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[Translate to Française:] Trade policies and hunger
Trade policies and hunger

[Translate to Française:] In 2006, the Ecumenical Advocacy Alliance’s Trade for People Campaign commissioned FIAN International (FoodFirst Information and Action Network) to undertake a study aimed at analysing whether the Right to Food of specific communities has been violated as a result of trade liberalisation. The research was carried out in 2007 looking at the impact of trade liberalization on the right to food of rice farming communities in Indonesia, Honduras and Ghana.

Rice was chosen as the example because it is central for food security all over the world. Rice is a staple food for half of the world’s population. Two billion people depend on rice production as their main source of income. Ninety percent of these are smallholders, usually working on a plot of less than one hectare, and most of these smallholders are women. Globally such small-scale farmers are vulnerable to poverty and food insecurity.

The research found that as a result of liberalization all the countries had experienced import surges, highly changeable prices and selling of imported rice at less than the cost of production (dumping). Farming communities lost income, many farmers quit farming, and their access to food was less secure than it had been in previous decades. Food is one of the last things that people will cut back on – we will sacrifice many other things in order to have enough to eat – but at the “hungry times” (before the next harvest, when stocks from the last harvest are running low) people cut back on both the number of meals they eat and the nutritional content of the meals.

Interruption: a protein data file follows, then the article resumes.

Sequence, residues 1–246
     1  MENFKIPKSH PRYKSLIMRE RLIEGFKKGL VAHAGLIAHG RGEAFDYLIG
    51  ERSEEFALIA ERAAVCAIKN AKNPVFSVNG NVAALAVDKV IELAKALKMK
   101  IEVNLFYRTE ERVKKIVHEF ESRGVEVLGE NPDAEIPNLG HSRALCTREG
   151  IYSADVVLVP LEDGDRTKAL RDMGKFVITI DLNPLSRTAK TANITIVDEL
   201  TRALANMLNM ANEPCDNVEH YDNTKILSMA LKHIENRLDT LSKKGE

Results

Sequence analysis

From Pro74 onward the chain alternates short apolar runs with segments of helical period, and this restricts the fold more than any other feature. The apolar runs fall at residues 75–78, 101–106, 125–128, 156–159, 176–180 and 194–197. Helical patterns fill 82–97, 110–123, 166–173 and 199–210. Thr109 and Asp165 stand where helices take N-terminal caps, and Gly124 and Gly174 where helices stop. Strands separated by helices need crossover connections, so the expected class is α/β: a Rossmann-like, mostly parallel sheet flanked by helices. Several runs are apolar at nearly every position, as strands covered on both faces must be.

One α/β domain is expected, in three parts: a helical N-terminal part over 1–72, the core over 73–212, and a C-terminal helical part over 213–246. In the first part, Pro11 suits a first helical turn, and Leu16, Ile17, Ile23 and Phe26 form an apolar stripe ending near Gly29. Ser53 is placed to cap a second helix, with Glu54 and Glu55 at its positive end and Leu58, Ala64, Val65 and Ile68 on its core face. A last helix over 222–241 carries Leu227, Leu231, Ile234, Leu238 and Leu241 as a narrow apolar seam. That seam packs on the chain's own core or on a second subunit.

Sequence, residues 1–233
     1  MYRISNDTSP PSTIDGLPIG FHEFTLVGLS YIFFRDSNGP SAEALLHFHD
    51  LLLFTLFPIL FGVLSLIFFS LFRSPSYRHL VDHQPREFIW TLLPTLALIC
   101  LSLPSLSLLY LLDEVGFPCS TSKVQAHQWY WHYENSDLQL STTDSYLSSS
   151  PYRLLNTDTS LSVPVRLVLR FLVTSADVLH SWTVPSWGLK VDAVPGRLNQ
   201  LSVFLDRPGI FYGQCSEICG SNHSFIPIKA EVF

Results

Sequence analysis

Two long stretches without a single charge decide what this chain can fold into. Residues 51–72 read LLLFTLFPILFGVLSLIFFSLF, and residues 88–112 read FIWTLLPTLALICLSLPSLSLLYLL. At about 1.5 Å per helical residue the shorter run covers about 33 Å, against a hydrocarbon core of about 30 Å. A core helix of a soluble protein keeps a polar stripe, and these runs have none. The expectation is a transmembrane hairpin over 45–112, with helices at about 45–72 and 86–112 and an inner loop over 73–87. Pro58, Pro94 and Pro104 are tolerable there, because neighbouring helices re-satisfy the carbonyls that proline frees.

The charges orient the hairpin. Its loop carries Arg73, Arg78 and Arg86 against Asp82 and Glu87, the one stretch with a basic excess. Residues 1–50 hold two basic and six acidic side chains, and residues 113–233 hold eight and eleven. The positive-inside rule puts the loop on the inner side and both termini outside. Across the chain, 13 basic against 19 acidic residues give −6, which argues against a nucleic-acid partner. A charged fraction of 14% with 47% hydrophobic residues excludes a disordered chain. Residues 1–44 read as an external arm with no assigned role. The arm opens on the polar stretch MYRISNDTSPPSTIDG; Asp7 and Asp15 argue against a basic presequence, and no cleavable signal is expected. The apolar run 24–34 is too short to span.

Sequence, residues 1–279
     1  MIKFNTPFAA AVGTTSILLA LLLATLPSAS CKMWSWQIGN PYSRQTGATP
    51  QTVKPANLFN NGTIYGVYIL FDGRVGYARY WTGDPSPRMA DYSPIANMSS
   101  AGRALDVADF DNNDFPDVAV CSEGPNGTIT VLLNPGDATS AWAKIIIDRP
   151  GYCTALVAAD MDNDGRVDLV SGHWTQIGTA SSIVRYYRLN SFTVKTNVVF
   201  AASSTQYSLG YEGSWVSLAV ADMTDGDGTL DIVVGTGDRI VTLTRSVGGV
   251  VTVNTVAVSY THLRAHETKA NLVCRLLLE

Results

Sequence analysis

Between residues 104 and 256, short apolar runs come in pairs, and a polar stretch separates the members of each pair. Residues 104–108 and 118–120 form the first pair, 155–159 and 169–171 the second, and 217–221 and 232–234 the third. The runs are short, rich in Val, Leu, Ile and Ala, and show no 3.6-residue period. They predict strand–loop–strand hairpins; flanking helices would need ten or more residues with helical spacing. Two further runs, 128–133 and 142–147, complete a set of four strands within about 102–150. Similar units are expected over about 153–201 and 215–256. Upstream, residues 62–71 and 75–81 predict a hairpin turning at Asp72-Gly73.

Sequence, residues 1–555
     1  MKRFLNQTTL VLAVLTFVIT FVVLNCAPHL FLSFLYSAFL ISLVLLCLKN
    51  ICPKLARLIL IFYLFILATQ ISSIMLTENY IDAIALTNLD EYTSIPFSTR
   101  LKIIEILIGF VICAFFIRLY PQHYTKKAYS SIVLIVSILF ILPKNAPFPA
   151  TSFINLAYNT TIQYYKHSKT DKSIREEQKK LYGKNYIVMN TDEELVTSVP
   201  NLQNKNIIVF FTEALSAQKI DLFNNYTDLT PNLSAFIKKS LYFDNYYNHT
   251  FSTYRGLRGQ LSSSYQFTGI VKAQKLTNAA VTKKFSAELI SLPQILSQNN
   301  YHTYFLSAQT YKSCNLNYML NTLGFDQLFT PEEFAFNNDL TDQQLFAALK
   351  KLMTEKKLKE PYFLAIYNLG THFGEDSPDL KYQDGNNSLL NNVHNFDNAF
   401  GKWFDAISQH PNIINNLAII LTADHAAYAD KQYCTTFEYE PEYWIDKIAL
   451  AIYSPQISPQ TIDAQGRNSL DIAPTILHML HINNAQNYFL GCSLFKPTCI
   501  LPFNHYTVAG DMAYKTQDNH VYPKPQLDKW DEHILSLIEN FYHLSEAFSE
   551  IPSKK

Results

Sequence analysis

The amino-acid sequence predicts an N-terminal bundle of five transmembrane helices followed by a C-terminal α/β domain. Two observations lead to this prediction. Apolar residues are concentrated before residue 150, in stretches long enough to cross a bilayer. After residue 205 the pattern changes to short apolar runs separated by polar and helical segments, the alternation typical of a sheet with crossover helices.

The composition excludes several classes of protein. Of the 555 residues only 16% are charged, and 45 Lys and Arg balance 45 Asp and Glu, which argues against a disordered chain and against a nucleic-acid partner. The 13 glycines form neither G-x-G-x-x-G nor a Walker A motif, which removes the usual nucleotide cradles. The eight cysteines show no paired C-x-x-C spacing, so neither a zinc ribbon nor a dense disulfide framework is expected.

In each country there were attempts to change the liberalization policies through governmental processes, but these were opposed by the International Monetary Fund (IMF) and World Bank.

The findings of the research are published in the report Trade policies and hunger: The impact of trade liberalization on the Right to Food of rice farming communities in Ghana, Honduras and Indonesia.

[Translate to Française:] Download

[Translate to Française:] Full Study, PDF, 128 pages

A4: EN, ES, FR, BA
Letter: EN, ES, FR

Executive Summary, PDF, 4 pages

A4: EN, ES, FR, PT
Letter: EN, ES, FR, PT
A3: EN, ES, FR, PT
Tabloid: EN, ES, FR, PT


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Trade policies and the food crisis

The issues highlighted in this research are also causal factors of the food crisis that emerged in the first months of 2008. Although the research was done at a time of low prices, many of the problems identified in the report are at the roots of the crisis of high prices:

  • vulnerability of smallholder farmers when exposed to the volatility and unpredictability of prices in the global market fuelled by liberalization;
  • lack of success of liberalization in benefiting either producers or consumers because profits are captured by corporations and middlemen;
  • importance of designing trade policies to promote the welfare of the most vulnerable people including their right to food;
  • importance of allowing flexibility and space in trade rules to enable governments to develop and alter trade policies in relation to changing reality on the ground

Learn more on the connections between trade policy and the food crisis from the briefing paper Understanding the Food Crisis: Taking Action or the many resources available in the EAA network.

A4: EN, ES, FR
Letter: EN, ES, FR
A3: EN